3. Stay off your phone — We’ve either really got your attention or you’re ready to close this tab and forget we ever existed. We know that asking you to stay off of your phone while commuting is blasphemy, but hear us out. You can still be on your phone. Load up your playlist or podcast before you leave home or your workplace, push your phone in your pocket and don’t take it out till you get to where you’re going. It’s going to suck if a song comes on that you really want to skip, but it’s a small price to pay for a safer commute. 
  4. Don’t touch the poles (unless you have to) — We could’ve included this in the hands-free tip, but this point deserves its own space. Even in the best of times, poles inside of buses, trains or streetcars can be germ farms. And while transit services have stepped up their cleaning, your best bet is to avoid touching poles even if you’re standing right next to one. This is what all the bus stop balance workouts are for; it’s all starting to make sense, right?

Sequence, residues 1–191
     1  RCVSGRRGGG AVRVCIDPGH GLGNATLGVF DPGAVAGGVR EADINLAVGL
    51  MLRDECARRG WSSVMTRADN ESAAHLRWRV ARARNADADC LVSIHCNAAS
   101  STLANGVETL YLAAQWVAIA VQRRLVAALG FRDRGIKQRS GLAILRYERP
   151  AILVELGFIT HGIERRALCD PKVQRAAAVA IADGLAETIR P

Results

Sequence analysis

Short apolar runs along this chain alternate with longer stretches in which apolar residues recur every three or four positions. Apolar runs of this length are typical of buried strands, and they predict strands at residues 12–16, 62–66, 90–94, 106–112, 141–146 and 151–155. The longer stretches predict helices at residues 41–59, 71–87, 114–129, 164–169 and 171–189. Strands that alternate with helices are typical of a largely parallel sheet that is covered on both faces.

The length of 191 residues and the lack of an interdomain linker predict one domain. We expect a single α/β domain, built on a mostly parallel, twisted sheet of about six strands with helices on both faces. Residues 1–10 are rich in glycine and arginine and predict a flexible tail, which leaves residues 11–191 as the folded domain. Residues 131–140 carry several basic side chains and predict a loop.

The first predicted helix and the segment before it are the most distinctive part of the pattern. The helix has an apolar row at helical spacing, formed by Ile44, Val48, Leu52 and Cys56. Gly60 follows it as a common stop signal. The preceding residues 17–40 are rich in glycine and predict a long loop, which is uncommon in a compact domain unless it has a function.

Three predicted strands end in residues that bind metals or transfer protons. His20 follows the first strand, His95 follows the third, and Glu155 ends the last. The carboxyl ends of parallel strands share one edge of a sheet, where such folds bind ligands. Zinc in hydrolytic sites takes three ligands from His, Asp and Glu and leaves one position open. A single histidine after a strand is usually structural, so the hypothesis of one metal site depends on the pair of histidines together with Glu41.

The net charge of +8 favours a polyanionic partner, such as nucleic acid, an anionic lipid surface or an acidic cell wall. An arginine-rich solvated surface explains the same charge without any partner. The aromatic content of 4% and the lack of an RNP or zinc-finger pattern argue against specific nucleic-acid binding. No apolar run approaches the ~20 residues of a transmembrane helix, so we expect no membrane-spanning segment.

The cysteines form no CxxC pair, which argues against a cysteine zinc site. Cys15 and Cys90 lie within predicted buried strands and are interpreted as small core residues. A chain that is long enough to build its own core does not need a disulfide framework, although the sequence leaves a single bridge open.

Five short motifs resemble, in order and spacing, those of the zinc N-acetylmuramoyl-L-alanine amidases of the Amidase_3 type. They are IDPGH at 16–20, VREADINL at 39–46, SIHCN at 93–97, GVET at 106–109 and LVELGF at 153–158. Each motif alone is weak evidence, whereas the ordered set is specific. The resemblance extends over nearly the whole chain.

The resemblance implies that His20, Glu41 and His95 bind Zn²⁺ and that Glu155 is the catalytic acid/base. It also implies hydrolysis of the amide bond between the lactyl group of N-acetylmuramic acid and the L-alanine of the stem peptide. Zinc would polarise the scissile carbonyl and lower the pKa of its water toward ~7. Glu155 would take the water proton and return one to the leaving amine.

5. Put those core muscles to work — Taking transit is the perfect time to engage your inner yogi. Your meditation app that’s keeping you from flipping out because the subway is 30 seconds late again doesn’t count. We’re talking about working out your core.  Your core is important for balance, so try this when you’re standing up without touching any poles: drop your tailbone towards the floor while also lifting the front of your pelvis; imagine the sides of your waist are wrapping in towards your navel; draw the low ribs downward while keeping your chest lifted and open. The other passengers will barely notice, and if they do, tell them you didn’t make it to the bathroom that morning. That should inspire some social distancing. 

 

Get Rocketman to master your commute 

 

Stay ahead of your commute by using Rocketman for real-time transit alerts and arrival times. There might not be workout tips on the app, but you’ll definitely be able to workout your commuting plans. 

Download the Rocketman app:

 

Rocketman transit app for iOS

Rocketman transit app for Android